A handful of Western states— such as Montana, Utah, Alaska, Oregon and Nevada — also had longer wait times, high rates of call abandonments or high rates of procedural disenrollments and their health departments were warned they may have broken federal rules.
CMS told 16 states they may have violated federal law due to call wait times, Wagner said. But the CMS letters included several other measurements for how Medicaid unwinding is going.
Idaho’s rate of call abandonment was below the national median, at 7%.
Montana had the second longest call wait time in the country, the Daily Montanan reported.
“It’s hard to say what numbers are ‘good’ or ‘bad,” Wagner said. “But when we compare Idaho to other states — even similarly situated states — the numbers are very concerning.”
Medicaid unwinding is new, Wagner said. States typically annually renew the eligibility of Medicaid recipients without a three-year wait time, brought on during federal law during the pandemic. Metrics like this haven’t been published before, Wagner said.
So far, Idaho has removed 103,000 people from Medicaid out of a group of 153,000 the state flagged as likely to be removed from Medicaid, Shane Leach administrator of the Division of Welfare in the Department of Health and Welfare, told the agency’s board Thursday. More than half of those people — 62% — were removed for procedural reasons, or because they didn’t reply to the state’s requests for eligibility information. Another 42,000 were removed because they were determined to be ineligible for Medicaid, Leach said.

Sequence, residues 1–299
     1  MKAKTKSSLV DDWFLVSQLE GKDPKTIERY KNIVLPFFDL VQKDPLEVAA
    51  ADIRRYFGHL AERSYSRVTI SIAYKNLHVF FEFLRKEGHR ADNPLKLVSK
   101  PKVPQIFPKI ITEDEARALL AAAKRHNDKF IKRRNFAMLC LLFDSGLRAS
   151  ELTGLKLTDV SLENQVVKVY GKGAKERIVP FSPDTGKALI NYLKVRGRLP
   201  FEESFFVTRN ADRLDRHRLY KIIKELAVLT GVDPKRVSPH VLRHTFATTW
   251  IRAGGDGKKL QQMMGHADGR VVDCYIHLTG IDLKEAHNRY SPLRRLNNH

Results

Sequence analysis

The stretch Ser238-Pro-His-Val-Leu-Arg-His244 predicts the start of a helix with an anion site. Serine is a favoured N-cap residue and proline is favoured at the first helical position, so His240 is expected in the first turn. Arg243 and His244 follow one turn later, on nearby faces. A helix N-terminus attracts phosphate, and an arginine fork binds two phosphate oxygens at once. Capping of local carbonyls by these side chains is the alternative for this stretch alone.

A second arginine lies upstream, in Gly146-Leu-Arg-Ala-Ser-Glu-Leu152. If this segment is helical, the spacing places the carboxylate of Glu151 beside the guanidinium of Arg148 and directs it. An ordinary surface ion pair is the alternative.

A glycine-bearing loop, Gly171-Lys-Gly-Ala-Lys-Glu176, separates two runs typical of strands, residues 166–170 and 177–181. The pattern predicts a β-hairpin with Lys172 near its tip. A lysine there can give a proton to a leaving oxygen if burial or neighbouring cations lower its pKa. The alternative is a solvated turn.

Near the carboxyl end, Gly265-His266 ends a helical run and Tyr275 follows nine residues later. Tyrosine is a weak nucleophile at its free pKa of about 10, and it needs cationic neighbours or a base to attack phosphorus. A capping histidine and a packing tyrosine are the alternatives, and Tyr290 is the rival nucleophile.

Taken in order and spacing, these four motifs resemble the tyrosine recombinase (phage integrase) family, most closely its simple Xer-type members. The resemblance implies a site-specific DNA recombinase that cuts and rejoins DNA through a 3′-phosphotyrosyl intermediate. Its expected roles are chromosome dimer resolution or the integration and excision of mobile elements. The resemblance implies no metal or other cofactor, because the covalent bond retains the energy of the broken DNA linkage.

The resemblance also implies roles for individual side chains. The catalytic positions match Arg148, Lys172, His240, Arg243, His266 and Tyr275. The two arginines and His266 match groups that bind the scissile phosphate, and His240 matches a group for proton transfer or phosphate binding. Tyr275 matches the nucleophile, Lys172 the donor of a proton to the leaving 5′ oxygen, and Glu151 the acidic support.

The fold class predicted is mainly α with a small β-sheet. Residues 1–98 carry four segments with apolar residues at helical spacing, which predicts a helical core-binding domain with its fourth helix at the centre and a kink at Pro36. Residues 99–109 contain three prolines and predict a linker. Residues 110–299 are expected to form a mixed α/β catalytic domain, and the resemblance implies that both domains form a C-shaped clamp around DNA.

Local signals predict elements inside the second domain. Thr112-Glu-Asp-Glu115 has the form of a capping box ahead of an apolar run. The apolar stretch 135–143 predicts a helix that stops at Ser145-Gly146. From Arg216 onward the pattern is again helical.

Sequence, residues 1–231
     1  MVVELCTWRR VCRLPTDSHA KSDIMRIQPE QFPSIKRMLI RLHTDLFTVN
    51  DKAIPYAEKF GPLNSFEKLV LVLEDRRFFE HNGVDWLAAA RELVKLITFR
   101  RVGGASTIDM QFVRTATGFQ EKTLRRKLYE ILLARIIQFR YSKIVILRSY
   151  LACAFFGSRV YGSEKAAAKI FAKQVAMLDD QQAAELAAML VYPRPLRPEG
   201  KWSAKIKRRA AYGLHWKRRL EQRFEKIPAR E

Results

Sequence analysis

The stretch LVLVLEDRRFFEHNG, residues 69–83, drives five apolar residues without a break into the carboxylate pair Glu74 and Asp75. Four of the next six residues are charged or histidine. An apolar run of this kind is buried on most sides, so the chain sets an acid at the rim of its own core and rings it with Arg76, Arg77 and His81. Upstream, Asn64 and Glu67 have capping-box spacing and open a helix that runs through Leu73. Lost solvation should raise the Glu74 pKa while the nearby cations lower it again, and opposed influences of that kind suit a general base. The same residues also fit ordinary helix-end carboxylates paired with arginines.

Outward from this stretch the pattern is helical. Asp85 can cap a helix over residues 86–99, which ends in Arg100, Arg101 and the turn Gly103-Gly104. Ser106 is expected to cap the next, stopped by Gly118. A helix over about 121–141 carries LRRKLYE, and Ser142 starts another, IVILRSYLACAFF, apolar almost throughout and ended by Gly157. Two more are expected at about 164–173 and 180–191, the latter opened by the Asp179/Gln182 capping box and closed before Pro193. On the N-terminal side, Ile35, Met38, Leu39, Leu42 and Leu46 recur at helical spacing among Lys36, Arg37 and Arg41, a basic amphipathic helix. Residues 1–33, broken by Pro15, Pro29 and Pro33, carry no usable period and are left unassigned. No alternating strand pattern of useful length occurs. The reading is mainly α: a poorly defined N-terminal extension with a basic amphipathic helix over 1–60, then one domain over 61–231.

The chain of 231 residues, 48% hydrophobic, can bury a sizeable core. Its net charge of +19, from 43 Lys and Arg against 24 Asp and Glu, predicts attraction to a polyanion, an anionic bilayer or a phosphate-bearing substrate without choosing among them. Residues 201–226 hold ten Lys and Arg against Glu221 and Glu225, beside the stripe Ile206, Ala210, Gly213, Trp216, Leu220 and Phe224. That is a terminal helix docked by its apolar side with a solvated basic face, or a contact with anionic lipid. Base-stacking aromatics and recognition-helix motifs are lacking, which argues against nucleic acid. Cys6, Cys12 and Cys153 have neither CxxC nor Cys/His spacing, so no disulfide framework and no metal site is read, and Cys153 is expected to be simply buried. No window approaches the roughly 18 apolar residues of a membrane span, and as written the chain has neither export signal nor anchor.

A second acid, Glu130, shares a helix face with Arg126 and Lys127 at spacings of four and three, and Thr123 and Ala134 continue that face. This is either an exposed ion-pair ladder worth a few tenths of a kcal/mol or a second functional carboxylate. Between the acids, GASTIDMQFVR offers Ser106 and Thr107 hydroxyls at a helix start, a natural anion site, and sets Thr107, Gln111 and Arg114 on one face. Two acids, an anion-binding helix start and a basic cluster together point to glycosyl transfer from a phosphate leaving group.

He said it’s unclear where people who are being removed from Medicaid are getting insurance. It could be that they’re getting insurance through their job, the state based insurance marketplace, or they could’ve moved out of state or died.
“Where are these individuals? That is kind of the million dollar question,” Leach told the board.
What CMS told Idaho on Medicaid disenrollment process
Idaho’s high rate of procedural disenrollments, the letter said, “raises concerns that eligible individuals, including children, may be losing coverage.” About 23,000 Idaho children have been removed for Medicaid for not replying to paperwork, according to data from April to July that the Idaho Capital Sun previously reported.
Idaho expected May to be a “high month of closures” because the people up for removal that month hadn’t responded to re-evaluation requests for two years during the pandemic, Stahl said.
“The closure that occurred for these people means that we could not determine what their income is, and can therefore not determine if they are eligible or what level of Medicaid coverage they’d be eligible for,” Stahl said. “Even children are subject to an income limit test, and if their income cannot be verified, then we cannot determine that child’s eligibility.”
In its letter, CMS listed several areas Idaho may have been non-compliant in.
“CMS has concerns that your average call center wait time and (call) abandonment rate are impeding equitable access to assistance and the ability for people to apply for or renew Medicaid and CHIP coverage by phone and may indicate potential non-compliance to eligibility recommendations” under the Social Security Act, the federal agency wrote to Idaho.